There isn’t a single industry that remains unaffected by COVID-19. The closure of non-essential shops on the 26th of March, coupled with strict social distancing measures to slow the spread of the virus, has naturally caused a surge in online purchases and home deliveries during the lockdown. This, in turn, has inevitably put significant strain on the logistics industry to fulfil orders, while still taking the necessary safety precautions, thus decreasing worker efficiency.
Supermarkets have been especially impacted. Previously, UK consumers would typically buy 60 to 65% of their food (measured by calories) at supermarkets, but with restaurants and cafes shut, shoppers have bought 85% to 95% of their food there instead. During the first few weeks of lockdown, an extra £1bn of food was reportedly being stowed in people’s cupboards.
The huge surge in demand has led to retail websites crashing or having to implement ticketing systems to cope with demand, which has had a knock-on effect on delays to delivery times. As it struggled to get to grips with the pandemic, retail giant Amazon told third-party sellers it would temporarily cease shipments of non-essential items to warehouses, so that the company could prioritise medical supplies and household goods. This interruption lasted 20 days, between March 17 to April 5, 2020. Although Amazon has resumed fulfilment of non-essential items, there are and will continue to be, ongoing strains and pressures on retail and transportation and logistics (T&L) industries.
With no firm end to COVID-19 restrictions and social distancing measures in sight, mobile technology holds the key to helping retail and T&L industries manage consumer demands and operate in the ‘new normal’ sustainably, by increasing efficiency, managing workloads and solving problems quickly. Here are four key considerations for optimising mobility:
1. Becoming more efficient
T&L solution providers are looking to improve service for both their business customers and consumers, lower costs and increase staff productivity.
Using handheld mobile technology in warehouses can help employees fulfil customer orders in a fraction of the time it takes with traditional systems. This in turn also helps brands to make better decisions on what products they need to supply to their retail shops, thus meeting the demands of their customers faster.
For example, the Royal Society for the Protection of Birds (RSPB) implemented new hardware and software in its warehouse to help improve efficiency. It was subsequently able to reduce its costs in the warehouse by £100,000 per year, becoming more efficient and speeding up its picking and packing operations.
2. Increasing reliability and reducing risk
Complexity is often a factor in transportation and logistics. Weather, staffing issues and vehicle scheduling are just a few factors that can create confusion in shipping a large number of diverse goods. Service issues that waste time and money, threaten to undermine regulatory compliance and disappoint customers, must clearly be avoided.
Logistics staff and drivers depend on their mobile devices and apps to do their jobs. When their device goes down, workers stop working. Using remote control software to manage mobile devices, IT departments can deploy, as well as secure and manage mobile devices across vast geographic areas, without the need to send an engineer onsite.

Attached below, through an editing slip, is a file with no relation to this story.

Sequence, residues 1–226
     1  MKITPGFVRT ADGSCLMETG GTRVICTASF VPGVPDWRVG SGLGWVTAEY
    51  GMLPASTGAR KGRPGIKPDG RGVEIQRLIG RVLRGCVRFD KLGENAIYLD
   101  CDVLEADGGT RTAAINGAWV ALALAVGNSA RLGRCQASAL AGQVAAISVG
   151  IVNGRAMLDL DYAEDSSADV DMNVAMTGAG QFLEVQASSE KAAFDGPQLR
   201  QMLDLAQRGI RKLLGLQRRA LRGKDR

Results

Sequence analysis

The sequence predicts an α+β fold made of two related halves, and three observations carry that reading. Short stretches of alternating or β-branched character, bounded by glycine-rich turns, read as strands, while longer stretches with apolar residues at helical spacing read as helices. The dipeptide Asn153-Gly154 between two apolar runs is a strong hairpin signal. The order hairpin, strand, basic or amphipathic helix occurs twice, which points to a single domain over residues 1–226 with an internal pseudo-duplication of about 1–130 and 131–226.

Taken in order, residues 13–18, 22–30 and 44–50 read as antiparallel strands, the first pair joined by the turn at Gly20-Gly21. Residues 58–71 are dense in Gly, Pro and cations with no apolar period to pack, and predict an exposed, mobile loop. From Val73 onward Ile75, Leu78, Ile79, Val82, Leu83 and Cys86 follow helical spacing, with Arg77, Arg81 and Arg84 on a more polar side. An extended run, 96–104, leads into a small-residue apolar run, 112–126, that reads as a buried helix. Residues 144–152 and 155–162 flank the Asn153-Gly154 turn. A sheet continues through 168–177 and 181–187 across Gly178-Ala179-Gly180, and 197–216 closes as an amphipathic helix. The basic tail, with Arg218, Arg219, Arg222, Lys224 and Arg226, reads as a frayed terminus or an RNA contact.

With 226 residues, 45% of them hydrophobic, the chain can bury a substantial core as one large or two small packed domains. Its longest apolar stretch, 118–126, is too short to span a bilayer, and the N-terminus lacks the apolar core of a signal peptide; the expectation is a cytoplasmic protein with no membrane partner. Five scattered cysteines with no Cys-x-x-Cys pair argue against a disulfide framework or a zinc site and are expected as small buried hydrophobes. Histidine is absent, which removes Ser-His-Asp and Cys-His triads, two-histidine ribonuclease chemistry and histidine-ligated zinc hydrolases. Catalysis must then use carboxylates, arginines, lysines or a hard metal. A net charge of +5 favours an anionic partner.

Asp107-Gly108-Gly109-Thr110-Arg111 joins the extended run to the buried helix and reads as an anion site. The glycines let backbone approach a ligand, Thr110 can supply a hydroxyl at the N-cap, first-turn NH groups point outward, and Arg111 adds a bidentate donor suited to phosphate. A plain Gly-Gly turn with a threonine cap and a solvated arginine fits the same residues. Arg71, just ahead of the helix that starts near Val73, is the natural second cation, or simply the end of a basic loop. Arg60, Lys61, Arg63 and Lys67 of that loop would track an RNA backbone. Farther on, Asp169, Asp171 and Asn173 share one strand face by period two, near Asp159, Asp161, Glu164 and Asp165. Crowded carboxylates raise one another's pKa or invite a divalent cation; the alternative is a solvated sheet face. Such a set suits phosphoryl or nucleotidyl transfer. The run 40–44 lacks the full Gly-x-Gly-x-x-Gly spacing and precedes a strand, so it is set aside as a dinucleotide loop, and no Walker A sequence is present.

For example, STEF, a temperature-controlled logistics and transportation services company moving fresh produce across Europe, calculates that remote enrolment and provisioning saves two to four man-hours per device, reducing shipping costs. Across all its devices, this equates to tens of thousands of man-hours per year on device deployment alone. It is also an important step in the company’s eventual goal of eliminating paper from its shipping and delivery operations all together.
3. Providing management with visibility
Line managers and business leaders need to understand what is happening within their distribution network in real-time, and respond with both accuracy and efficiency.
By having complete visibility of their supply chain, decision makers can quickly diagnose and fix issues. Failure to do this can have an impact on dispatching, customer relationship management, asset management, mobile point of sale (mPOS) and warehouse management.
By adopting a mobile-first strategy, businesses can improve workforce performance efficiencies, increase sales, improve decision making speed and scale and, ultimately, their ability to cope with the added demands placed by the coronavirus pandemic.
4. Ensuring security
With a spike in cybersecurity threats around the coronavirus, it’s important that technology used in transportation and logistics is properly secured and maintained in order to keep pace with the evolving situation. At the same time, it’s important that employees can access the right data and information to improve efficiency.
However, employers need to ensure that their employees are accessing business-critical technology and data in a secure way. Employees using corporate devices to access unauthorised websites, apps or content can threaten a business’ security and decrease productivity.
The right business-critical mobility solution will allow organisations to create integrated mobility management solutions, that have centralised user authentication, single sign-on and role management functionality, which will ensure data security within the business.
By implementing mobile technology that is properly managed and monitored remotely, retailers and T&L businesses can ease the burden of erratic order volumes, keep their staff safe and navigate this crisis. Without it, they will continue to feel the pressure and could find themselves struggling to operate.